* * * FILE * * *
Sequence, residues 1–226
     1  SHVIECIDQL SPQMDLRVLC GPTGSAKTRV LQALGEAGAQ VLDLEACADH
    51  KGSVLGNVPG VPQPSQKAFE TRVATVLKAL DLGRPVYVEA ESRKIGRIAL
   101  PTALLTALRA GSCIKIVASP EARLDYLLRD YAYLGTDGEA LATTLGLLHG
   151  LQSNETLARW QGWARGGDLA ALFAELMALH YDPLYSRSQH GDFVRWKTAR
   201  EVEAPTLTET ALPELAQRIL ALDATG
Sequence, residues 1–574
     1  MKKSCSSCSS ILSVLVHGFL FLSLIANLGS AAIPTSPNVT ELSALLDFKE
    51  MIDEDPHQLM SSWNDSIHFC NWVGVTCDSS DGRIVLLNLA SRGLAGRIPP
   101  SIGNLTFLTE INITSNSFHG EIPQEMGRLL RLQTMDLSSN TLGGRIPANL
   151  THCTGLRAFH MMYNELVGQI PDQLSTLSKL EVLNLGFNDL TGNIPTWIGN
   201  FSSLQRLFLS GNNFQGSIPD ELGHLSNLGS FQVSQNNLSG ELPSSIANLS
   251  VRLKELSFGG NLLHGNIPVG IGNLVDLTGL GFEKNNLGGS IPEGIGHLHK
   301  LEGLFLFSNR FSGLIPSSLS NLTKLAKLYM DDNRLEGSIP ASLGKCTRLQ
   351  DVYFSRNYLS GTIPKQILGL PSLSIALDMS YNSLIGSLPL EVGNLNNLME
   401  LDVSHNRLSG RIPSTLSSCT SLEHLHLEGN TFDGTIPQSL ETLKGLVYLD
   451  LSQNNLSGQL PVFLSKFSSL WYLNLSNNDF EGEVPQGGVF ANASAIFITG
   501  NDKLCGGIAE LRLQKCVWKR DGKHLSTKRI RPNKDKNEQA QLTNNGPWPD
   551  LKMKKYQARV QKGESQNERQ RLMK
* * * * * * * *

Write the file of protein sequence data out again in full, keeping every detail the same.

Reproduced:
Sequence, residues 1–226
     1  SHVIECIDQL SPQMDLRVLC GPTGSAKTRV LQALGEAGAQ VLDLEACADH
    51  KGSVLGNVPG VPQPSQKAFE TRVATVLKAL DLGRPVYVEA ESRKIGRIAL
   101  PTALLTALRA GSCIKIVASP EARLDYLLRD YAYLGTDGEA LATTLGLLHG
   151  LQSNETLARW QGWARGGDLA ALFAELMALH YDPLYSRSQH GDFVRWKTAR
   201  EVEAPTLTET ALPELAQRIL ALDATG
Sequence, residues 1–574
     1  MKKSCSSCSS ILSVLVHGFL FLSLIANLGS AAIPTSPNVT ELSALLDFKE
    51  MIDEDPHQLM SSWNDSIHFC NWVGVTCDSS DGRIVLLNLA SRGLAGRIPP
   101  SIGNLTFLTE INITSNSFHG EIPQEMGRLL RLQTMDLSSN TLGGRIPANL
   151  THCTGLRAFH MMYNELVGQI PDQLSTLSKL EVLNLGFNDL TGNIPTWIGN
   201  FSSLQRLFLS GNNFQGSIPD ELGHLSNLGS FQVSQNNLSG ELPSSIANLS
   251  VRLKELSFGG NLLHGNIPVG IGNLVDLTGL GFEKNNLGGS IPEGIGHLHK
   301  LEGLFLFSNR FSGLIPSSLS NLTKLAKLYM DDNRLEGSIP ASLGKCTRLQ
   351  DVYFSRNYLS GTIPKQILGL PSLSIALDMS YNSLIGSLPL EVGNLNNLME
   401  LDVSHNRLSG RIPSTLSSCT SLEHLHLEGN TFDGTIPQSL ETLKGLVYLD
   451  LSQNNLSGQL PVFLSKFSSL WYLNLSNNDF EGEVPQGGVF ANASAIFITG
   501  NDKLCGGIAE LRLQKCVWKR DGKHLSTKRI RPNKDKNEQA QLTNNGPWPD
   551  LKMKKYQARV QKGESQNERQ RLMK